In our continuing series of profiles on honors programs that we would have liked to include in our book, A Review of Fifty Public University Honors Programs, we will discuss in this post the well-known honors program at Miami University in Oxford, Ohio.
An early post complimented Miami Honors for their up-front stats showing the achievements (in the form of placement percentages) of their most recent class of graduating honors students. So before describing the details of the program, we are listing the Miami web site stats for placement rates for the 2011 class below:
Law School: 100% placement (national average 69%)
Medical School: 85% placement (national average 45%)
Acceptance to Grad School: 94% (national avg not listed)
Job Prior to Graduation: 86% (national avg <56%)
Four-year Grad Rate: 98% (national average <56%)
The Miami program does not list a rigid set of admission requirements, but the average test scores are SAT 1340/ACT 30/GPA 4.0. A few students, however, are admitted with significantly lower test scores, if they have outstanding qualities in other areas, such as leadership, academic awards, and volunteer activities.
Like some other honors curricula we have reviewed, the Miami requirements are extremely flexible, with credit assigned for “honors experiences” rather than honors courses alone, although honors courses are the basic elements of honors experiences. And, following a trend in honors education, students have to prepare and submit for review annual online portfolios that organize and summarize what they have learned.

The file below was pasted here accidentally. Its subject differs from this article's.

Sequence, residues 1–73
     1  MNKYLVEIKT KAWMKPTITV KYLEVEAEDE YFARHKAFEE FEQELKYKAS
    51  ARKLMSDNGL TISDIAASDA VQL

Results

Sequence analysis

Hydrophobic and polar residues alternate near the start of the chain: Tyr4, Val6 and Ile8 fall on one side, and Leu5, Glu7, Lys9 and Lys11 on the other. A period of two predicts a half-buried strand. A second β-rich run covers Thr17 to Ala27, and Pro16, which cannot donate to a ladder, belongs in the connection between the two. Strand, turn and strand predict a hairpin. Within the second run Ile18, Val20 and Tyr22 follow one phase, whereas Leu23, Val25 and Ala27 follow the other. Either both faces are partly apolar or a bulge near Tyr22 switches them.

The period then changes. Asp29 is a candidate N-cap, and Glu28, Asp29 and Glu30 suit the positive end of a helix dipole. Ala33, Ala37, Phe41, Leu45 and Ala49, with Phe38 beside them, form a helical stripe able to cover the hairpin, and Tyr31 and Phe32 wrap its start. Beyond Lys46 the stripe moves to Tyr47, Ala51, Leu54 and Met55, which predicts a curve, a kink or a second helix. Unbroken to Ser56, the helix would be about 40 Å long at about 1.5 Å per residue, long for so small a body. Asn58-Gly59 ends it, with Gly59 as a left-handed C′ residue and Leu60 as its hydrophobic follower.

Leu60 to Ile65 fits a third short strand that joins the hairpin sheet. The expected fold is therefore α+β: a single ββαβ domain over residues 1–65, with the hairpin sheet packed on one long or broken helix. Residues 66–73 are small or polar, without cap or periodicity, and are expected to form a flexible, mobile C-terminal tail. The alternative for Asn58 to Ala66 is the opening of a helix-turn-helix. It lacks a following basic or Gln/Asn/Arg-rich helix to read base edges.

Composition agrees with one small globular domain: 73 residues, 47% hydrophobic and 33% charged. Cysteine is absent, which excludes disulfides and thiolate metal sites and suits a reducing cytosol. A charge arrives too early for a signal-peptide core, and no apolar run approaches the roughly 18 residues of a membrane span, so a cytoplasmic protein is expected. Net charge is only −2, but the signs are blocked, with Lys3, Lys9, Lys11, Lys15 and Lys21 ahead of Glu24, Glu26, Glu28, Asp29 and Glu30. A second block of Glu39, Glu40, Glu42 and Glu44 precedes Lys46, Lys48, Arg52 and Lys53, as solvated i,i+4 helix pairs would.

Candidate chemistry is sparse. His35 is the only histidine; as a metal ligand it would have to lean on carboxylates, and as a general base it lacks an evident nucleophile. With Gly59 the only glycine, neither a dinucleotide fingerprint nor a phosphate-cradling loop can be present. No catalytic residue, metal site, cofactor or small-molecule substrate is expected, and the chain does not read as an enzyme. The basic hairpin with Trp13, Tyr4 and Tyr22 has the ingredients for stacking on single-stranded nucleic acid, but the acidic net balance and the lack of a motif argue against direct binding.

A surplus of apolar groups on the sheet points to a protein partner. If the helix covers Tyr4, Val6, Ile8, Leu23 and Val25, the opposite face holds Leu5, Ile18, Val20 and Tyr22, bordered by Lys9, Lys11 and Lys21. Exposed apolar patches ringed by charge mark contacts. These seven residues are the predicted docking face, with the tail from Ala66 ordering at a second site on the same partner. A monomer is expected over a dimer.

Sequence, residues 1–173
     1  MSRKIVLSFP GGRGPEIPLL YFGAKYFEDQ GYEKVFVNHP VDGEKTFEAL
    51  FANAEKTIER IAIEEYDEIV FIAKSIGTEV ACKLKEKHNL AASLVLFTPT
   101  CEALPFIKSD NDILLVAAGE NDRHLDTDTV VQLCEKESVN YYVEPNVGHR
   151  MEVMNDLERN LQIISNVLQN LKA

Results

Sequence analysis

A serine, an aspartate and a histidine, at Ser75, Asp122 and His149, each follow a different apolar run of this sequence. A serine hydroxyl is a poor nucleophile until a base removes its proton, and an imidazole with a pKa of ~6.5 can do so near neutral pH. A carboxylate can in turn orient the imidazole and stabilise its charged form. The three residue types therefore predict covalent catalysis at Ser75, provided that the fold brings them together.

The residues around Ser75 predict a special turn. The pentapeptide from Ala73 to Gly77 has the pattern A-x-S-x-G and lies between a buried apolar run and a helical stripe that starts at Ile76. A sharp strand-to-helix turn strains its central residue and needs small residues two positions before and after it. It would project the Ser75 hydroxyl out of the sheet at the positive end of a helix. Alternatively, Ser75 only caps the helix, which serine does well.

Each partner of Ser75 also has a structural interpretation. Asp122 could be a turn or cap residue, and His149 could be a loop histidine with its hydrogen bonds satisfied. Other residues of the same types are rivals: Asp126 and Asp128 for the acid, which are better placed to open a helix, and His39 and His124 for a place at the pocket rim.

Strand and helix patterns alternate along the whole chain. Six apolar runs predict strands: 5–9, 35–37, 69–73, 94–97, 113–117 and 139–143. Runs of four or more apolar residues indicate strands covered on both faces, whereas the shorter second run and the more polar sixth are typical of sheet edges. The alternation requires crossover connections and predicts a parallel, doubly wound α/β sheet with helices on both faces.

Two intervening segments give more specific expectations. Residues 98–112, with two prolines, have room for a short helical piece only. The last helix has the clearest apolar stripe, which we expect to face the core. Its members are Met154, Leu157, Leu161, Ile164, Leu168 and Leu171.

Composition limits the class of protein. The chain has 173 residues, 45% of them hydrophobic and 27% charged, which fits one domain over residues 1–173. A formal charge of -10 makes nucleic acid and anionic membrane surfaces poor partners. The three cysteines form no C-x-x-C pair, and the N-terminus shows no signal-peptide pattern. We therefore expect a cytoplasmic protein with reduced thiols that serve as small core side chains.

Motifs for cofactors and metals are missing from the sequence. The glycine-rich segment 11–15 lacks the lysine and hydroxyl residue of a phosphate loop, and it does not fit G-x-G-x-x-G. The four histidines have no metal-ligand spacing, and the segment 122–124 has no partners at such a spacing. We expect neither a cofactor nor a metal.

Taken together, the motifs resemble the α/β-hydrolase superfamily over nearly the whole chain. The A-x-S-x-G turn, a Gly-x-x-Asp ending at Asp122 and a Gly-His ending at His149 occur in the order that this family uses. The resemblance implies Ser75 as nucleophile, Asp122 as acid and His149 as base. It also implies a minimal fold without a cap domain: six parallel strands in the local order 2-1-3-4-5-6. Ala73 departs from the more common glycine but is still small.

Honors experiences include small, interactive seminars, research, study abroad, undergrad teaching assistantships, graduate courses, leadership projects, and internships. Honors portfolios must demonstrate progress in six areas: written communication, collaboration, critical thinking, problem solving, intercultural understanding, and reflection (self-understanding). Students must complete at least nine experiences.
Note: Readers may want to see our recent post on “College Learning Assessment (CLA): Rationale for Honors?” in which we discuss the ways that honors curricula already enhance critical thinking and writing skills that college reformers often advocate.
Honors housing is important at MU because students are required to live on campus during the first two years.
“Although members of the University Honors Program eventually move all across campus, most have one thing in common: they spent their first year living in Tappan or Emerson Hall,” one student reports.
Tappan Hall is located on South Quad and is close to Harris Dining Hall, an all you care to eat location, and Scott Hall, which houses Encore and Ovations food courts. South Quad is not the most central location on campus, but, as another student says, the “location is great…for all the ‘good stuff’ (Rec Center, Hamilton Dining Hall, Shriver Center, Western Campus…”
Most rooms are corridor style with communal baths and shared double rooms. It appears that at least some of the rooms are air-conditioned, and there are a few suite-style rooms as well.